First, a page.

Letters Deciphered by John Wallis Sold at Auction for £29,000

It is well-known that a collectioin of fifty-two letters deciphered by John Wallis was deposited at the Bodleian Library, Oxford. Wallis actually made multiple copies of the volume, and on 7 October 2020, one (possibly Wallis's own) was sold at an auction for £29,000. It even includes a fifty-third letter not included in the copy at the Bodleian Library. I added a reference to this in "John Wallis and Cryptanalysis", and also made a few additions from Philip Beeley's paper (2016) referenced by the auction site.
The auction site has some images.
One is Charles I's letter to his son in February 1647, which I already covered in "King Charles I's Ciphers".
Another is a letter from French agent Graymond to Cardinal Mazarin. The cipher used seems to be the same as Graymond's cipher I recently reconstructed from another source and presented in "Ciphers Early in the Reign of Louis XIV".
Another is a letter from the Earl of Lauderdale to the Countess of Carlisle. I now added this in "King Charles II's Ciphers during Exile".
According to the auction site, nearly half of the collection are "from royalist agents in Breda to Dutch and English merchants and other contacts in London: dating from 1650, these relate to the negotiations by which the exiled Charles II was offered passage to Scotland and a means of recovering the throne in England, in return for accepting the authority of the Scottish kirk and parliament." These may include a key between Charles II and the Duke of Hamilton used in some undeciphered letters. I noted this possibility in "Unsolved Historical Ciphers".


Ciphers of Charles IX and Queen Mother, Catherine de Medici

I added a section "Ciphers of Charles IX and Queen Mother, Catherine de Medici" in "French ciphers during the Reigns of Charles IX and Henry III", now renamed from "French ciphers during the Reign of Henry III of France". (I thought separate treatment of the reigns of these brother kings was not necessary.)
As far as I remember, this is the first time I came across ciphers used in the correspondence of Catherine de Medici. The same ciphers were used in letters to the King and Queen Mother as far as these specimens are concerned.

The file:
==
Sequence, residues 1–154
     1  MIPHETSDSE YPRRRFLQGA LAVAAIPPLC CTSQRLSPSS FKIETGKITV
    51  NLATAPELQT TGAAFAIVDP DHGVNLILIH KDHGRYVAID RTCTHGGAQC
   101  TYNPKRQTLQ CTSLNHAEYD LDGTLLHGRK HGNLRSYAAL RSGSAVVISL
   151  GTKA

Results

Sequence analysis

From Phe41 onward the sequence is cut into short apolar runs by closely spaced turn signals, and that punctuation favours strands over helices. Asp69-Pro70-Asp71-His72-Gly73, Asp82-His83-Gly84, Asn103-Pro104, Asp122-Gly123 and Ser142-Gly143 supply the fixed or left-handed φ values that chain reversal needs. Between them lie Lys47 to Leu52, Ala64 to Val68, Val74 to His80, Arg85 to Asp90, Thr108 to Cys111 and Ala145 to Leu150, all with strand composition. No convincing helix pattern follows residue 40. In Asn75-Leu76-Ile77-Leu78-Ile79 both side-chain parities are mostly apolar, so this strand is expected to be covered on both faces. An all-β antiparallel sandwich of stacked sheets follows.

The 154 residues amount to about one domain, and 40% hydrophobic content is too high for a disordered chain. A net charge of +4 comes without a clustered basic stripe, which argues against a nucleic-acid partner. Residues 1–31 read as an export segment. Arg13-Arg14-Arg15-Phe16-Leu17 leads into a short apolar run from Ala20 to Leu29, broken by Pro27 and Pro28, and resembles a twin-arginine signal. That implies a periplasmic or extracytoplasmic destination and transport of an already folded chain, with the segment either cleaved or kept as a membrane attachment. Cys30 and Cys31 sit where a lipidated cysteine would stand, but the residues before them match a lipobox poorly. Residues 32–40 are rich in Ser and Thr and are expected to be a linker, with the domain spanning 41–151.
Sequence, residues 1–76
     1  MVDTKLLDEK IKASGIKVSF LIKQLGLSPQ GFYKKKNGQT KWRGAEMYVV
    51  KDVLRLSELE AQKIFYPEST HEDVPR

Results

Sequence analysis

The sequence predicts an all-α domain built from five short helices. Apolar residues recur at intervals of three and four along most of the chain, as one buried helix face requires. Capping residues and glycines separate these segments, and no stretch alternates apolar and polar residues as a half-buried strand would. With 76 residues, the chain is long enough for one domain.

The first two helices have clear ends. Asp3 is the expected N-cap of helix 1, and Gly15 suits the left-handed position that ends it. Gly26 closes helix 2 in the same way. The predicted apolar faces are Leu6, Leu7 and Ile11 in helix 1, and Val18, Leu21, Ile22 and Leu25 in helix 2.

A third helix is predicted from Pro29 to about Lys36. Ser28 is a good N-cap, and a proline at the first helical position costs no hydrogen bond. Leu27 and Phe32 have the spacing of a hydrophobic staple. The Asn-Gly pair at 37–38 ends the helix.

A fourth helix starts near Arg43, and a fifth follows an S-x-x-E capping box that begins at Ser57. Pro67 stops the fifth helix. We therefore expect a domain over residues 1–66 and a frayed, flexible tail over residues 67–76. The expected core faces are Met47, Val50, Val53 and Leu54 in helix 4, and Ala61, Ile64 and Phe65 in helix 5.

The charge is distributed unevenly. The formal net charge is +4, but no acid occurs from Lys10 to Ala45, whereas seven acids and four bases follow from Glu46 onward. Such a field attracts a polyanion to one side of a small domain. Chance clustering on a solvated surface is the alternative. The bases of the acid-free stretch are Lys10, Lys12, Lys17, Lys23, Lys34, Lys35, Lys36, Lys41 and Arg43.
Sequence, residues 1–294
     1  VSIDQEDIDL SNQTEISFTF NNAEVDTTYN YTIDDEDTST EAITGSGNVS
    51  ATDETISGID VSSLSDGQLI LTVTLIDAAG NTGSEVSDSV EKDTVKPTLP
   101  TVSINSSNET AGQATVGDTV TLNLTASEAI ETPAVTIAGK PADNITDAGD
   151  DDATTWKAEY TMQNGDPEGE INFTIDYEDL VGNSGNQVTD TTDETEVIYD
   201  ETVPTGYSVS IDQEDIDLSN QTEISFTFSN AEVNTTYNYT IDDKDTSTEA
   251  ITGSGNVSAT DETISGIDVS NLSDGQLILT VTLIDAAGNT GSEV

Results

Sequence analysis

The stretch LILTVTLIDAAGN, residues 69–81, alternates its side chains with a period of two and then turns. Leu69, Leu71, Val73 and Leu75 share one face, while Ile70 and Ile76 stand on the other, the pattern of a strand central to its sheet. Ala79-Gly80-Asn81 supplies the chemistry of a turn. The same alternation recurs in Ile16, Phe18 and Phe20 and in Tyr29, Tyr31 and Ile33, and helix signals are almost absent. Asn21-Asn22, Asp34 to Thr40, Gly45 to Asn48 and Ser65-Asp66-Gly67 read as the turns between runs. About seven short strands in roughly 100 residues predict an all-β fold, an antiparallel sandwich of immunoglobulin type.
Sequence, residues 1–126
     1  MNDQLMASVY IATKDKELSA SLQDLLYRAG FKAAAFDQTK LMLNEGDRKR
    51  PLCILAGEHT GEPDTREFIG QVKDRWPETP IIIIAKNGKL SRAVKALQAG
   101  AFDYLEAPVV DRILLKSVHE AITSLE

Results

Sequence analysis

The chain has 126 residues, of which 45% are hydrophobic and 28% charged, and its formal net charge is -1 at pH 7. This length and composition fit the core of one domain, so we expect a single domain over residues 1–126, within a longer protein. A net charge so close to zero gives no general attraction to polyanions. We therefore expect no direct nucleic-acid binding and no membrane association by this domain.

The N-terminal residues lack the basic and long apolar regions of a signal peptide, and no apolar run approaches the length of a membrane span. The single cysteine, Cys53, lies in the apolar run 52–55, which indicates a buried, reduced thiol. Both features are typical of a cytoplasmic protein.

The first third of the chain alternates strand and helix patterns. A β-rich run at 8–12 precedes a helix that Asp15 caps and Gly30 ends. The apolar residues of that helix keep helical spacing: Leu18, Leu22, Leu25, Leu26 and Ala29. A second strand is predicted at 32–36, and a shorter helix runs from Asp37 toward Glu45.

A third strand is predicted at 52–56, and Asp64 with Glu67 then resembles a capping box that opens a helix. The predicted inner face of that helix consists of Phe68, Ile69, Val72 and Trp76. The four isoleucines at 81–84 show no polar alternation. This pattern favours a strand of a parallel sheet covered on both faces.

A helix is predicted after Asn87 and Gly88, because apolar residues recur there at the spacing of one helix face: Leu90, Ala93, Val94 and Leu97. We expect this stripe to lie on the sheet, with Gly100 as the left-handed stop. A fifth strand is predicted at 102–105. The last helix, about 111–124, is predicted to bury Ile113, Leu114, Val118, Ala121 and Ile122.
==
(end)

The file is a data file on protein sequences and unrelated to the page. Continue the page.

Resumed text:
I have been wondering whether Catherine de Medici brought something new to the French cryptography, but these specimens show no such evidence.


Earliest Known French Ciphers

The earliest known specimen of French ciphertext is from January 1526 (or possibly September 1525). This is a few months earlier than the earliest mentioned in a scholarly paper (2018). This and other French ciphers during the reign of Francis I are described in the new article "French Ciphers during the Reign of Francis I".
It includes some undeciphered ciphers, which are now mentioned in "Unsolved Historical Ciphers".


Two Ciphers Broken by George Lasry

Two of unsolved ciphers presented in "Unsolved Historical Ciphers" have been solved by George Lasry.
One is a ciphertext (Senecey to Archbishop of Lyon) left undeciphered by François Viète (see "Ciphers Broken by François Viète").
The other is an Italian letter in the French archives (see "Undeciphered Letters in BnF fr.4715").
Senecey's cipher employs as many as 79 symbols in a relatively short ciphertext, and was very hard to break even with his sophisticated computer algorithms, which appear to have solved the Italian letter in an instant. I look forward to a paper detailing his method.


Regent Marie de Medici's Cipher

I found undeciphered passages in Marie de Medici's letters (1610) in BnF fr.3789 and included it in "French Ciphers during the Reign of Louis XIII" and "Unsolved Historical Ciphers".
The same source also included Villeroy's letter in cipher. The latter cipher turned out to be the same as one I previously reconstructed from BnF fr.15578 presented in "French Ciphers during the Reign of Henry IV of France".


Cipher between Emperor Charles V and Juan Perez (1527)

I added an unsolved cipher in a letter from Juan Perez, ambassador in Rome, to Charles V and another from Charles V to an unnamed recipient in "Ciphers during the Reign of Emperor Charles V" and added references to these in "Unsolved Historical Ciphers".